Making the koids in ‘The Peripheral’ involved some ingenious deepfake techniques

One of the computer game sim sequences also relied on AI approaches.

There’s some astonishing imagery in Prime Video’s The Peripheral, the adaptation of William Gibson’s sci-fi novel about a world that uses VR to step into alternate–and future–realities.

This included the futuristic koids (which used some AI deepfake techniques when face projections were required), gaming sims entered into via VR by the characters (which also used some AI tools), views of a future London after the cataclysmic ‘Jackpot’ event, and special invisibility effects.

Spearheading the effort to craft that imagery were visual effects supervisor Jay Worth (also a producer on the series) and visual effects supervisor/producer Mark Spatny. Here they tell befores & afters about some key VFX challenges on the show.

b&a: I was really taken by the London skyline and street-level scenes in the show. What was your overarching approach on these?

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Jay Worth: We started talking about this show years ago with Jonah [Jonathan Nolan] and Lisa [Joy], and Vincenzo Natali, and the whole team. Part of what we really wanted to do was to keep some of this classic London feel to it, while giving it this futurism that also fit into the narrative of the show, which was after the Jackpot, so it’s not like they would’ve needed to build new things.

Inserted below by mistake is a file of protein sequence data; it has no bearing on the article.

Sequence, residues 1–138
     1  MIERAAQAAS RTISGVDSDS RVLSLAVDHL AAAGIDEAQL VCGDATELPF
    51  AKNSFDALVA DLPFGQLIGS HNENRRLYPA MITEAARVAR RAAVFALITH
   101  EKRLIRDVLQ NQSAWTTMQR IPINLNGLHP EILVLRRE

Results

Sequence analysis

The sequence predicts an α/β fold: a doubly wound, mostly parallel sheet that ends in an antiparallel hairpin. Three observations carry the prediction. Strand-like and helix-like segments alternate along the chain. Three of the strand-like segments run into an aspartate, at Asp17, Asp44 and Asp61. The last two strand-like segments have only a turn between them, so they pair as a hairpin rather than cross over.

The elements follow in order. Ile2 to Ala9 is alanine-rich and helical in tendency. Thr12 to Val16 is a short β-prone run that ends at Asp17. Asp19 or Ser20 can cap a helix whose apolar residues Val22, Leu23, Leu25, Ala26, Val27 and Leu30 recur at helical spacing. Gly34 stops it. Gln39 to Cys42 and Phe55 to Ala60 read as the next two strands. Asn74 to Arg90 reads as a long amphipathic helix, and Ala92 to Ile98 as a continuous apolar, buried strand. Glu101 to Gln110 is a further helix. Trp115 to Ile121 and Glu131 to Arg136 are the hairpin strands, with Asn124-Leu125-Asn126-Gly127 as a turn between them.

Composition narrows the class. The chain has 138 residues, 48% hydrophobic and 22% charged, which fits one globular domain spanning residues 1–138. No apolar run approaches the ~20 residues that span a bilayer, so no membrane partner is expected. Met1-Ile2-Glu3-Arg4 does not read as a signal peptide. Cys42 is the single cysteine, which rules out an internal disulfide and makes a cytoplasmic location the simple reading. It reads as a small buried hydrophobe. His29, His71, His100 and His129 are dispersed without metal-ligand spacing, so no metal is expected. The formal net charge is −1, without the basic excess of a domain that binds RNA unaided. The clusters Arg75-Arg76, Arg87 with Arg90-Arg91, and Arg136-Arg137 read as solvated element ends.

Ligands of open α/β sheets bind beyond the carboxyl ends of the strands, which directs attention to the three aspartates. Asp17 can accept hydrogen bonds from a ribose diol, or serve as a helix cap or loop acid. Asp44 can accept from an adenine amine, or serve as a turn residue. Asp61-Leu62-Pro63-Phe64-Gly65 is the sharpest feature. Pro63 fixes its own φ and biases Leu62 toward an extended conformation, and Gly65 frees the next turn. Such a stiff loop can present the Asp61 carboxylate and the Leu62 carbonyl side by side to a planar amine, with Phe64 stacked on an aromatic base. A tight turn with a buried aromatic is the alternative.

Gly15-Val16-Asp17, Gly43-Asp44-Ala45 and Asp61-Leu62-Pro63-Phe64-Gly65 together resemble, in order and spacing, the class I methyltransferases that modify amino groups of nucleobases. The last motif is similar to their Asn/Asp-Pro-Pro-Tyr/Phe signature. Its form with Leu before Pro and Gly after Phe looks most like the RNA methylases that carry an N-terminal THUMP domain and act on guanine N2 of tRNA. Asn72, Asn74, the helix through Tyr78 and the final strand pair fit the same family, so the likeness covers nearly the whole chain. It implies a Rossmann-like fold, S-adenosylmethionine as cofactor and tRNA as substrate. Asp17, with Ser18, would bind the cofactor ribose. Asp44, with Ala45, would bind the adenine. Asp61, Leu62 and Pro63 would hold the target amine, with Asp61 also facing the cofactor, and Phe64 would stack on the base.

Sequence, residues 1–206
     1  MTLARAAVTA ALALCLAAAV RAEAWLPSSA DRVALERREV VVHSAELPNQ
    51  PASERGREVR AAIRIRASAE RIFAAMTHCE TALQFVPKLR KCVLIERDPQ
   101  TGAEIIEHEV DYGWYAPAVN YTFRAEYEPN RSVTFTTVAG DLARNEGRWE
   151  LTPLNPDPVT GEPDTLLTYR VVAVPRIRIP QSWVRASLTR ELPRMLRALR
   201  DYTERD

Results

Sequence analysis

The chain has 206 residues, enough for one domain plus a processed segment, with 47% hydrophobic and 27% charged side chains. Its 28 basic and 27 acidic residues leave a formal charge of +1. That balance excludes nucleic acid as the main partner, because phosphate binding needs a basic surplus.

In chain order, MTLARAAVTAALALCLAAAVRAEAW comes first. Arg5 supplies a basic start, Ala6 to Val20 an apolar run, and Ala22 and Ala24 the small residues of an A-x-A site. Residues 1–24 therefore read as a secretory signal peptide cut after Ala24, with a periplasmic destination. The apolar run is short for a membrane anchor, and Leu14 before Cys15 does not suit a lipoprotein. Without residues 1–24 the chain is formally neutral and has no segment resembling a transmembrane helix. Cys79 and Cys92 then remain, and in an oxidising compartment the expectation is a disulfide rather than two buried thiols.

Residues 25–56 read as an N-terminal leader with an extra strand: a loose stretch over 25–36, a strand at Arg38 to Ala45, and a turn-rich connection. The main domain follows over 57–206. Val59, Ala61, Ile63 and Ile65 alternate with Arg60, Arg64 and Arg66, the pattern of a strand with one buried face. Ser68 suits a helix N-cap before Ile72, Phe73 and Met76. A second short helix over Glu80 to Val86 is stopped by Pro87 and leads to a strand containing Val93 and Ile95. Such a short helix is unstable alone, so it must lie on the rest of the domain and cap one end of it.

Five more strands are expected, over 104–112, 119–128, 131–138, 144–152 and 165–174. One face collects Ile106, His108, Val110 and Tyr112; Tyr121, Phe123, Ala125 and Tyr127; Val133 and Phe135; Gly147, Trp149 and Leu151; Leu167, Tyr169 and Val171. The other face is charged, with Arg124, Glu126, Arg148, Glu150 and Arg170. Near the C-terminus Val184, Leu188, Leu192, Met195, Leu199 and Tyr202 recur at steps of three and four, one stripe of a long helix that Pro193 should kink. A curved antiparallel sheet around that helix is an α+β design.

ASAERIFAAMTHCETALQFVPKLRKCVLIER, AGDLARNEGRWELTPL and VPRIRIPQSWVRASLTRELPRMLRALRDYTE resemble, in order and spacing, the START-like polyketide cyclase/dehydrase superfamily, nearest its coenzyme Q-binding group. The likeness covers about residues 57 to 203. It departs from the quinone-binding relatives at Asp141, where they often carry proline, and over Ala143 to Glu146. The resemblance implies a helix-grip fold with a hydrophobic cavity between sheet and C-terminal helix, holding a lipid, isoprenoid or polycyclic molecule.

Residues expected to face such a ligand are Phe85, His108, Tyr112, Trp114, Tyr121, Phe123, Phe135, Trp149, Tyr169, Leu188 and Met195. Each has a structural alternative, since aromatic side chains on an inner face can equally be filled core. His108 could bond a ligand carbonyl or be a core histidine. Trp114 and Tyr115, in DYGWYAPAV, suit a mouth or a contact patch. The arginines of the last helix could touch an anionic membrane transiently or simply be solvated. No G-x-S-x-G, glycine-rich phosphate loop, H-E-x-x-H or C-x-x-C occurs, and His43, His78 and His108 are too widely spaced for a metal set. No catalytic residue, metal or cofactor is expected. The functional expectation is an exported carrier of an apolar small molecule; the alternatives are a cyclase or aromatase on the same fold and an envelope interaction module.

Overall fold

So it was fun to build a future version of a world that wasn’t tall, skinny glass buildings, and metal, and things like that, but to keep this classical tone throughout – especially in terms of the air scrubbers which were the large neo-classical statues circling London. Oh my goodness, Ian, you have no idea how many versions of air scrubbers we looked at. First we had organic things, we had classical things, but they were always big.

But it was trying to capture what it was going to be like to have something iconic that was interesting, served the story, but really more about creating this visual landscape. The team at Tendril did some initial concept work way back in the day to help give us the starting point for a lot of the stuff. And then the team at Blue Bolt was able to take those ideas and run with them. And then it was trying to figure out what these street level things would look like, and how we’d tie all those pieces together. I’ll let Mark jump in on that one.

Mark Spatny: One of the things that was really important to the story is that we reveal later that London isn’t really what it looks like. That the view of London that we are seeing is really generated by augmented reality in each person’s implant to make it look nicer than it is, because 90% of the world’s population has been killed over the last 70 years through all these different disasters. And there’s been no reason to rebuild everything.